What the Internet Doesn’t Transform

The PR panel in some ways encapsulated the weird nexus between corporate America and internet-era technology which has characterized a large part of the Milken Conference. Monday it was newspapers, Tuesday it was music, Wednesday it was PR: in each case the industry, we were told, is being transformed by the internet, and in each case the dinosaurs in charge are failing to keep up.

The difference with the PR panel was that it was dominated, as panels featuring him are wont to be, by Jason Calacanis, who proved himself to be as quotable as ever: "If you’re a CEO and you cannot blog and you cannot use Twitter, you should be fired," he said. "You’re antiquated." And in general the panel did grok the changes to the industry and understand the power of blogs and the internet to shape public perception of companies.

But the audience was another matter: when the moderator showed the famous iPhone "will it blend" video, it was clear that most of the audience had not only never seen it, but had also never seen anything like it.

And the PR industry, if Hope Boonshaft of Hill & Knowlton is representative, sees itself as providing a familiar corporate face to senior management and lowering them gently into the chaos of the internet. Boonshaft might not be an expert on the web, but she knows a little more than her clients, and that’s important. "The people at the opera, they didn’t even know what YouTube was," she said.

Steve Rubenstein was on the panel too, and he told the audience that his clients still generally say "I want to be in the Wall Street Journal". Those clients are the kind of people who attend a Milken conference, or indeed the kind of people who run the Milken Institute itself – a think tank which still seeks to control its output very carefully, and which is a very long way from hosting blogs or even distributing slightly rough-at-the-edges working papers.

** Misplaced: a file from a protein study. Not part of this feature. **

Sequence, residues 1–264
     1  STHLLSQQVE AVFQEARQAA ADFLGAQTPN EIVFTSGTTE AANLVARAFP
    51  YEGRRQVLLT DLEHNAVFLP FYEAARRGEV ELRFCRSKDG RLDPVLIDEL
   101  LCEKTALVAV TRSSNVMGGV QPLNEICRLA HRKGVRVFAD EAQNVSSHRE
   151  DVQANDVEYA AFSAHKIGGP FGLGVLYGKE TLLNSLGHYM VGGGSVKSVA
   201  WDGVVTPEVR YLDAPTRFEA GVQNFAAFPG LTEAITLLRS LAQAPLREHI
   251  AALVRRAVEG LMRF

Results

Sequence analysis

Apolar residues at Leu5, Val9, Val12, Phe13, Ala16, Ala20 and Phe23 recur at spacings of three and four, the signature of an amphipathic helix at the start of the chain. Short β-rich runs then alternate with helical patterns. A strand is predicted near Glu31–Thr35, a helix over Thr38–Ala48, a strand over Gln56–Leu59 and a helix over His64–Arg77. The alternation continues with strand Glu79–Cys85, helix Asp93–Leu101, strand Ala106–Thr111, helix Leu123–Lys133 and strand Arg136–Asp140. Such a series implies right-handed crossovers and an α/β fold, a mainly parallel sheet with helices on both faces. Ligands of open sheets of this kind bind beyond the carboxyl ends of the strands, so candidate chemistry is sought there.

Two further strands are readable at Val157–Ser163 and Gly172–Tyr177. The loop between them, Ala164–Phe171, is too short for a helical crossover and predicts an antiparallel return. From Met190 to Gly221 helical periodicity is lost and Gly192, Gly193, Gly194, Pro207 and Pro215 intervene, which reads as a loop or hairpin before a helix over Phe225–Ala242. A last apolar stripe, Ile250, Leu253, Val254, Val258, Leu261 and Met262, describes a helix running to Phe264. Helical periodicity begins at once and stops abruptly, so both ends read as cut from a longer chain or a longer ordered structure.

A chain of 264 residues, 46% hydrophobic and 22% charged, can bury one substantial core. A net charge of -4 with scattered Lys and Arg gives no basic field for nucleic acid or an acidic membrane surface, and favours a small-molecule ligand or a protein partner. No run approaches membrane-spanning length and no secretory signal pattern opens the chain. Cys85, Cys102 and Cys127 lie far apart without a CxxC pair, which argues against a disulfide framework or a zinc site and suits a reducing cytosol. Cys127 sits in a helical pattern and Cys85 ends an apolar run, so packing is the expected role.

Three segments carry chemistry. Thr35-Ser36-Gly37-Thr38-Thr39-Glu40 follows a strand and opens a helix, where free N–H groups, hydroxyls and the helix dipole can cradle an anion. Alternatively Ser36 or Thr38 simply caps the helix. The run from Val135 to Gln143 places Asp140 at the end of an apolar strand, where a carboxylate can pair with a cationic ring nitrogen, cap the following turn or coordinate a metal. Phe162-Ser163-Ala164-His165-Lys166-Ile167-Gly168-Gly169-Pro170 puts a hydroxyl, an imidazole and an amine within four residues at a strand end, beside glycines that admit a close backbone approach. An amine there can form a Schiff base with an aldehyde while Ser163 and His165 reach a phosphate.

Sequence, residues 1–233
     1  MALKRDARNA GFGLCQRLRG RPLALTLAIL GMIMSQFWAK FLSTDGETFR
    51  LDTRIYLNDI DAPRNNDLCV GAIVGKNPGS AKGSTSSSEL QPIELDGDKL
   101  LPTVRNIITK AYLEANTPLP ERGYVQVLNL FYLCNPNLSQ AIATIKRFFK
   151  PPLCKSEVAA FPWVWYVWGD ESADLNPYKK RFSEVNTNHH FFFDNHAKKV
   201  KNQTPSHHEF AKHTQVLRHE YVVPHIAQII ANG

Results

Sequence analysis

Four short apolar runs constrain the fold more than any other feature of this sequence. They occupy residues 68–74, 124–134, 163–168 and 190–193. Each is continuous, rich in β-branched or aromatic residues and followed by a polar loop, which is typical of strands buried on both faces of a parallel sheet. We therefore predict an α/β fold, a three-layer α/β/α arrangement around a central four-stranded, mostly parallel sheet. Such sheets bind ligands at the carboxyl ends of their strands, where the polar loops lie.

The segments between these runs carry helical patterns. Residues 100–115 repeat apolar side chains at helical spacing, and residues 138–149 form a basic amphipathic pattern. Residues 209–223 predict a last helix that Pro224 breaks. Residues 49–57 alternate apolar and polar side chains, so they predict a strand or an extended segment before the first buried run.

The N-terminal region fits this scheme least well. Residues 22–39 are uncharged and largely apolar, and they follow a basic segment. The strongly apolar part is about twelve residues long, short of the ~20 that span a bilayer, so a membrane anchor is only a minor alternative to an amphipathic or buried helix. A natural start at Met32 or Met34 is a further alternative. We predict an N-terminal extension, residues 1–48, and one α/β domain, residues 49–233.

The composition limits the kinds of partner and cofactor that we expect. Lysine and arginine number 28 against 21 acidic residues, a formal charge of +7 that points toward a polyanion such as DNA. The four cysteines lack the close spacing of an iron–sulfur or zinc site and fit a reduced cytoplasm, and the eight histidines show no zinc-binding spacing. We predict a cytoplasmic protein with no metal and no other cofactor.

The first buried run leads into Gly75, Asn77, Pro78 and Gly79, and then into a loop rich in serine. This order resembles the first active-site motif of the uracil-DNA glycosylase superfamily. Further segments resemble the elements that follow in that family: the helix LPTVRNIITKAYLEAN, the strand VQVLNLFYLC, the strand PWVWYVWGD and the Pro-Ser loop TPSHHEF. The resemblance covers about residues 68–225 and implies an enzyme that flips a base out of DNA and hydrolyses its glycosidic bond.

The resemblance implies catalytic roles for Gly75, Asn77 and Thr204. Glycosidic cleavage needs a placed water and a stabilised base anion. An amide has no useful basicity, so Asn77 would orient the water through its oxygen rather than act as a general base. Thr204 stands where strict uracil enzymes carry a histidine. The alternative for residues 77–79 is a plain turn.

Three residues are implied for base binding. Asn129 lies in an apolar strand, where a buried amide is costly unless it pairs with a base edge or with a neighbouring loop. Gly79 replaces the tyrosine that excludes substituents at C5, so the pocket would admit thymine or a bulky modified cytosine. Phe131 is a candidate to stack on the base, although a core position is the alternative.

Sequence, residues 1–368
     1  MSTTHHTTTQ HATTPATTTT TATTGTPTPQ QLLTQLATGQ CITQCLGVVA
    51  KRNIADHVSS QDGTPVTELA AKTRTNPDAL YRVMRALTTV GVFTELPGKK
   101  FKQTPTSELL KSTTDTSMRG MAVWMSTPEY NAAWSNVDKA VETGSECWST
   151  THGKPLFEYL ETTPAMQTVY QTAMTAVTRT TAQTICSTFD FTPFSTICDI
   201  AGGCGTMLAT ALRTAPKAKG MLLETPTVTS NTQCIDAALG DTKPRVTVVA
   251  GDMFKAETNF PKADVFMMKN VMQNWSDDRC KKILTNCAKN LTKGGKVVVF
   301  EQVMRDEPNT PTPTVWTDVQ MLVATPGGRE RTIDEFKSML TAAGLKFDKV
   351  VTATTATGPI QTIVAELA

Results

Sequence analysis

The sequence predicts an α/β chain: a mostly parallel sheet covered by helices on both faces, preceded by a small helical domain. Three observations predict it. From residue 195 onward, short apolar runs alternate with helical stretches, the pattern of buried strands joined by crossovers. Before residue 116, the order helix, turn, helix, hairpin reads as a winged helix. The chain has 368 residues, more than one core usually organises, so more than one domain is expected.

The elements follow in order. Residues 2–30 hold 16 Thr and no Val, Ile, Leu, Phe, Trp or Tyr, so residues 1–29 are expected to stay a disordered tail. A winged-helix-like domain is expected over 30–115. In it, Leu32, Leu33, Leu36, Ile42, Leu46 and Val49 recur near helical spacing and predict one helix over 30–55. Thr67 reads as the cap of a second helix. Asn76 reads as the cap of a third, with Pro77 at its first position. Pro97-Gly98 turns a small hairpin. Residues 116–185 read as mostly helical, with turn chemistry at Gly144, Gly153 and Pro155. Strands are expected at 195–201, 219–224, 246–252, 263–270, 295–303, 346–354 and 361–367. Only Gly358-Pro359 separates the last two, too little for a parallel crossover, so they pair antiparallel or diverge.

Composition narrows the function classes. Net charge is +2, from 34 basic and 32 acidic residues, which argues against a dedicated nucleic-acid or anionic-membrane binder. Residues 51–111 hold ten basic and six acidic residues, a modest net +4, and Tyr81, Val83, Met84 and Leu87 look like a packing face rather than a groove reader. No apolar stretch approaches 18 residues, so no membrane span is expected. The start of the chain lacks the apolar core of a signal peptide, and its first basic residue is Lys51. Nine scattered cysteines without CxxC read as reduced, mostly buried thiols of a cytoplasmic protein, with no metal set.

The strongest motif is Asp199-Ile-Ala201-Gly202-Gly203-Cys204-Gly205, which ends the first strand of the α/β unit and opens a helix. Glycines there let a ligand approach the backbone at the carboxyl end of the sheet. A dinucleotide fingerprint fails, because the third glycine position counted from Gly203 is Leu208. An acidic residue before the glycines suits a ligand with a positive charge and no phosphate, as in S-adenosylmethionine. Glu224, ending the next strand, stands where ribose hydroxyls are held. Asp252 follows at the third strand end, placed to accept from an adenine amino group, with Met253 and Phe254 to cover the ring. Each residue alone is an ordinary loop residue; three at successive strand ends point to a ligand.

Across town in Santa Monica, PaidContent had a one-day conference on the economics of social media. In a place like that, it’s easy to forget just how far from the web the people who actually run America really are. At the Milken Conference, it’s in your face. In a conference featuring the likes of Quincy Jones – someone who knows what a mass audience can really be – a video which has been seen 5 million times by a very young-skewing internet audience does rather shrink in importance.

One thing I’d love to see at Milken – maybe this could be a panel next year – would be a discussion of the limits of the internet. At the moment there seems to be a huge disconnect: the technoutopian geeks are convinced, with good reason, that the world is undergoing an enormous revolution, even as most large businesses can quite successfully ignore all of that. If you’re a bank or a pharmaceutical company or a steelmaker or even a consumer-facing business like Procter & Gamble or WalMart, the old paradigm of learning about the world by reading the Wall Street Journal is still very much in effect.

Jason Calacanis has been in the information/media industry for his whole career, and that industry has certainly been the most transformed by the internet. I do think, however, that it’s easy to overstate the importance of the consumer-facing internet to most of the rest of the business world.

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